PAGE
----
Saturday, February 23, 2008

The IQ Bowl

A few weeks ago, I wasted a hell of a lot of time conducted what just might be a ground-breaking experiment by taking three different online IQ tests. Here’s what I discovered: my IQ is either 127, 138, or 145. Hmm, that’s a bit of a variance, wouldn’t you say? What to do with these numbers? That’s the question. I could just take the average (and by that, the possible 145-IQ-me wants to make sure you realize I’m referring to the mean), which would put my IQ at approximately 136.666… (oooh, “in case of Rapture, my vehicle most definitely won’t be unmanned,” not with an IQ like that. Has anyone seen the bumper sticker that says this?). I could just get rid of the highest and the lowest scores and go with 138. Then again, I could just take the tactic of your average kindergartner and announce that my IQ is 145, having no problems, when asked, about saying, “because that’s what I want it to be.”

On the other hand, maybe the best tactic for figuring out what my IQ is might just be to take the numbers, throw them in a bowl with a whole bunch of other numbers, and pick one. Maybe I should even throw 60 in there, which is what Froshty had me convinced my IQ was, circa age 10. On many levels, my IQ should be 60.

When I considered many of the questions on these tests (all three tests are similar and all overlap), I couldn’t help my tendencies to skewer them. My natural question for what seemed like over half of them was, “Yes, but what if…?” For instance, quite a lot of them required the test-taker to have some familiarity with geography, which leads someone like me to think, “What if you attended school in The United States post-1960 when geography was all but eliminated from the curriculum?” You probably spent many years filling in blank maps of The United States, and that was the extent of your education in geography. If you don’t happen to be one of those kids who enjoyed reading encyclopedias and atlases for fun, or a crossword puzzle fiend, you very well might have no clue how to answer:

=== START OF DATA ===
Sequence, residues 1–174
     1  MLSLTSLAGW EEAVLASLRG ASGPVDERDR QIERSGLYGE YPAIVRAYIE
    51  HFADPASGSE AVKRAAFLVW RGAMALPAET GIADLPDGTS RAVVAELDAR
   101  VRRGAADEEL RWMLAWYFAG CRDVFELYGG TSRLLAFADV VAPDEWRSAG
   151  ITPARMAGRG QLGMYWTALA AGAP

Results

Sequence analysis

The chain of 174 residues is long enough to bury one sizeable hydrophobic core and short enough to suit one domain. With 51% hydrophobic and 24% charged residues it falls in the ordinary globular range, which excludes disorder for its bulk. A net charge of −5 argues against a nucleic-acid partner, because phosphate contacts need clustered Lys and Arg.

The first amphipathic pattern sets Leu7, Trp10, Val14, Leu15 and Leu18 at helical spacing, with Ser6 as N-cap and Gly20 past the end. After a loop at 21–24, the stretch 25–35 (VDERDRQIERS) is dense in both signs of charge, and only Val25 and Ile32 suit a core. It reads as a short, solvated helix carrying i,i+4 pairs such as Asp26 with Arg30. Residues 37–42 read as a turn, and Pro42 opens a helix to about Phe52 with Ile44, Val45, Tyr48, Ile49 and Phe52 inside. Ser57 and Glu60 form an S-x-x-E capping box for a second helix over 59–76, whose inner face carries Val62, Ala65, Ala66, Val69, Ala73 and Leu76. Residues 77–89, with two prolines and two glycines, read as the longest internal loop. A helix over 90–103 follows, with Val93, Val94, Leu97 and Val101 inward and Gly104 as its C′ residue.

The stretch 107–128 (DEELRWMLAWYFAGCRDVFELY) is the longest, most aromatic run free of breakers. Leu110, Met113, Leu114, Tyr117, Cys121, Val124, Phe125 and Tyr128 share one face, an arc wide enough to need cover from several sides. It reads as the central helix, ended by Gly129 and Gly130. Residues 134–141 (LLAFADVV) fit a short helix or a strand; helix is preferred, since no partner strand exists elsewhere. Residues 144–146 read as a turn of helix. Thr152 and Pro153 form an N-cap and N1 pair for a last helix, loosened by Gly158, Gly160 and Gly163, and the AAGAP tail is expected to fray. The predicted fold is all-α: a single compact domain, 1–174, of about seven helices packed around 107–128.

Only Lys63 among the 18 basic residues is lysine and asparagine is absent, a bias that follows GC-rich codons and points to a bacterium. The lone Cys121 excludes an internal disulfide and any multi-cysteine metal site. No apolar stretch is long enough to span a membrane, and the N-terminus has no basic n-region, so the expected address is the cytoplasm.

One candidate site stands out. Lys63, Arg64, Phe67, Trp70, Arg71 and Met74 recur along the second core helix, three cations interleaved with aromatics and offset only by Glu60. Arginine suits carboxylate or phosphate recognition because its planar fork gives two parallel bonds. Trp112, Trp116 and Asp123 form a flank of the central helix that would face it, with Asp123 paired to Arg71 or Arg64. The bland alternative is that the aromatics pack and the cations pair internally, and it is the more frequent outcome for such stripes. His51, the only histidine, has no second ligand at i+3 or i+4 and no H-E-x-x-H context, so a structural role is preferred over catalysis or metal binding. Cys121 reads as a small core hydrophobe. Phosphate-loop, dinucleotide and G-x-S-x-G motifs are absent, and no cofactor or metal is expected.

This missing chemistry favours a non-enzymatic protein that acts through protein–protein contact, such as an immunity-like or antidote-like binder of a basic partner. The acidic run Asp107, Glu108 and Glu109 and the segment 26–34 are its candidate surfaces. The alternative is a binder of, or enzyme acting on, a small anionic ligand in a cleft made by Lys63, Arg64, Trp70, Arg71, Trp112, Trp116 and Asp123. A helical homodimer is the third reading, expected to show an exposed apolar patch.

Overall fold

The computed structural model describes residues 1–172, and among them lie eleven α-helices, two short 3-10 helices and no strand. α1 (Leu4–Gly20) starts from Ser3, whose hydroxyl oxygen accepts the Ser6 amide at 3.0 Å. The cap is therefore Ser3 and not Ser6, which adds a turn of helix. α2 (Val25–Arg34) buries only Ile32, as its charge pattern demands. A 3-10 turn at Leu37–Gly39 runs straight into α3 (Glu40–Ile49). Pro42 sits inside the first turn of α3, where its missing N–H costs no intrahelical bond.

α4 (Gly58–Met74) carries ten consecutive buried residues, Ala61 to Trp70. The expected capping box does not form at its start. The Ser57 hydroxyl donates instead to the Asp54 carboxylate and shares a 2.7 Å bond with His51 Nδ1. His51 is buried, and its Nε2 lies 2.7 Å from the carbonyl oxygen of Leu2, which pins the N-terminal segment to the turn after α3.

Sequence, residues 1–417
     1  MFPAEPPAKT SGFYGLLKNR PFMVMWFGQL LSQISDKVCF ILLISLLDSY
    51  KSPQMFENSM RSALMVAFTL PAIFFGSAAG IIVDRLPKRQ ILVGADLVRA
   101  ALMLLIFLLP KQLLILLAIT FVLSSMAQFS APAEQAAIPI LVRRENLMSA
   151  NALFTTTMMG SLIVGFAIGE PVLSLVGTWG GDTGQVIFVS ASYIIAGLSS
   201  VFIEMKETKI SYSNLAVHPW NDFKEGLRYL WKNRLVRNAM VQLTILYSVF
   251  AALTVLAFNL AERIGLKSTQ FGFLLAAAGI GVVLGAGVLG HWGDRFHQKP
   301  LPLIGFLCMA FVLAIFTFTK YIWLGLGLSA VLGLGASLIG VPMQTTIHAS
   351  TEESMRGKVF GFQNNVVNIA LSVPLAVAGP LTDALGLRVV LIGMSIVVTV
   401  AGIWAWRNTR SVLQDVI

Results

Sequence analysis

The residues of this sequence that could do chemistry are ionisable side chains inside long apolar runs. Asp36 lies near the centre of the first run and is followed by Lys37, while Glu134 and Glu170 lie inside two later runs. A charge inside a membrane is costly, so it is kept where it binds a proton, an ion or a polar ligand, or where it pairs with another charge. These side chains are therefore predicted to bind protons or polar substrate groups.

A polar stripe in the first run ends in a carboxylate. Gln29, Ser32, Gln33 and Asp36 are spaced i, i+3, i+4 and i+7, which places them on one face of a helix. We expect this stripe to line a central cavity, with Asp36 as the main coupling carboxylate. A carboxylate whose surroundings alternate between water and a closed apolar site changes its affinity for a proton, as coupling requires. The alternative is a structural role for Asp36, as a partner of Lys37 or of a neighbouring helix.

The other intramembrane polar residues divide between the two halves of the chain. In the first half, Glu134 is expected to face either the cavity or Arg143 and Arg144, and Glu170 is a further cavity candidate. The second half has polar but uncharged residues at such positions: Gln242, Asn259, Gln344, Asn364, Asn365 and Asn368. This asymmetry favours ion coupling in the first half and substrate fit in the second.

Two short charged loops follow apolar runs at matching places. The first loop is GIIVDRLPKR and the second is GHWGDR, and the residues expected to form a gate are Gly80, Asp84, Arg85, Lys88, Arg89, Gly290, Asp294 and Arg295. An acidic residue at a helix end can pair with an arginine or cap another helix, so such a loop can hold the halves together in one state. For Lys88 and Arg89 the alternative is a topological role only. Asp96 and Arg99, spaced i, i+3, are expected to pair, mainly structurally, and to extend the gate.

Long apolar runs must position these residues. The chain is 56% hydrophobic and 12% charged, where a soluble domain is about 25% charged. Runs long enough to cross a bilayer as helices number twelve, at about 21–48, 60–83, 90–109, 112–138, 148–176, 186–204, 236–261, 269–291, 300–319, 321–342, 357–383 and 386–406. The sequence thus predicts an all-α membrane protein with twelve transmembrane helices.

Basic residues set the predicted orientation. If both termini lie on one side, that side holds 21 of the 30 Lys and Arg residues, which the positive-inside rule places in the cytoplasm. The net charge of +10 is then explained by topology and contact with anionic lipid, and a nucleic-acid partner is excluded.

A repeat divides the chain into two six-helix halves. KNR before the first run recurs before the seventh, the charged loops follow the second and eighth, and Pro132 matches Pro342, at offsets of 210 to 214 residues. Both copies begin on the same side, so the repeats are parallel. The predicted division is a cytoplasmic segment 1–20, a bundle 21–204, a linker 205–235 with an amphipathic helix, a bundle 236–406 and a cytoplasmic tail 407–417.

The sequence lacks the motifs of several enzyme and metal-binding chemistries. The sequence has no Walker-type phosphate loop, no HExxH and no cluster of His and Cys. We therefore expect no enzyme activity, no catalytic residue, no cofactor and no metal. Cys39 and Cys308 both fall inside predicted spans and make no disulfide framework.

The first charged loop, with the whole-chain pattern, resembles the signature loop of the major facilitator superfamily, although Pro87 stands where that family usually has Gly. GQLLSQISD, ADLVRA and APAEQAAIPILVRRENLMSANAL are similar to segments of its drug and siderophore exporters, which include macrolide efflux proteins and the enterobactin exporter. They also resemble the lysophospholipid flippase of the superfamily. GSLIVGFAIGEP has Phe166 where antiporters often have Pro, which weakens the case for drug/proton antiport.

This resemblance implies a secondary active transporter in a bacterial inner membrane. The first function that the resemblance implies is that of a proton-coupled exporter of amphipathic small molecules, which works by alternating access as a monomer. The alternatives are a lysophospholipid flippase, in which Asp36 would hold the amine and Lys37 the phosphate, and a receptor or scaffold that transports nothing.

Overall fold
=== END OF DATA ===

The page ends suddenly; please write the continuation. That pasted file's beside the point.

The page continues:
The Thames is to England as the _____________ is to Russia.

Chances are, you’re not going to be the least bit familiar with Russian rivers. You may not even know that the Thames is a river. Now, it’s a multiple-choice question, so you can choose the most Russian-sounding answer and increase your chances of getting it right. But what if it’s a trick question? What if it’s the most Mexican-sounding name, despite being in Russia? I just can’t help thinking that knowing the names of rivers in different countries can’t possibly be any indication of IQ. Wouldn’t a better question be: how can I find out the names of rivers in Russia if I don’t know what they are?